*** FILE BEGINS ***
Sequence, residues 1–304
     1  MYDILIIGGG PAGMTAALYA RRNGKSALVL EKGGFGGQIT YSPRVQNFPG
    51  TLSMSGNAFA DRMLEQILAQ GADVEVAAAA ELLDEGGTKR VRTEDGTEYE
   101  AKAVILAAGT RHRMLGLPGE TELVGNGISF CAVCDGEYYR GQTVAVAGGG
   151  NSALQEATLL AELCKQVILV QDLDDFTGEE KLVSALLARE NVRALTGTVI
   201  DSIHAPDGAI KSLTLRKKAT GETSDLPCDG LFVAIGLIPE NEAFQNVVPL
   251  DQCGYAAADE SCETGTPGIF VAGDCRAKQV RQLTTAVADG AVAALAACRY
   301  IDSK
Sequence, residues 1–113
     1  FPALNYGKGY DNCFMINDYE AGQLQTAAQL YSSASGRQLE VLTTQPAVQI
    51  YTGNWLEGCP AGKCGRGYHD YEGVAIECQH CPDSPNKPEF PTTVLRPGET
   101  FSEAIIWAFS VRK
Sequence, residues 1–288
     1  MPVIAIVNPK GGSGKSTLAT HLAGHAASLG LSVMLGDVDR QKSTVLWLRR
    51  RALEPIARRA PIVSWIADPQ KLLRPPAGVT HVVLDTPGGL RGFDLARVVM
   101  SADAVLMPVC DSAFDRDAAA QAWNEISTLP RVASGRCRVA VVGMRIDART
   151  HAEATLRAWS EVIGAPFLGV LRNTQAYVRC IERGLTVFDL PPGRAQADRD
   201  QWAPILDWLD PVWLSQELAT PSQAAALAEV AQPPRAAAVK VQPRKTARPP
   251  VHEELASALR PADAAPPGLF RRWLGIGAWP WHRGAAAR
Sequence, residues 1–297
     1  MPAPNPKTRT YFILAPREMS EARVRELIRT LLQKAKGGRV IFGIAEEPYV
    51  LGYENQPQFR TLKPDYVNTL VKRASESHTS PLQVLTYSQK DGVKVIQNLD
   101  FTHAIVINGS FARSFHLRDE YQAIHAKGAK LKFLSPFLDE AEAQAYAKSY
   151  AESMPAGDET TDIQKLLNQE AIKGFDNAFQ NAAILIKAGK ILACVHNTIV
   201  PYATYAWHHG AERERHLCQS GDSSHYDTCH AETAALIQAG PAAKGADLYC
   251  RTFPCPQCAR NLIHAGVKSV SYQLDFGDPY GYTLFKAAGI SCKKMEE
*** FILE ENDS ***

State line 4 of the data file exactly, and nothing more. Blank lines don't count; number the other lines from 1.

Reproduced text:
   101  AKAVILAAGT RHRMLGLPGE TELVGNGISF CAVCDGEYYR GQTVAVAGGG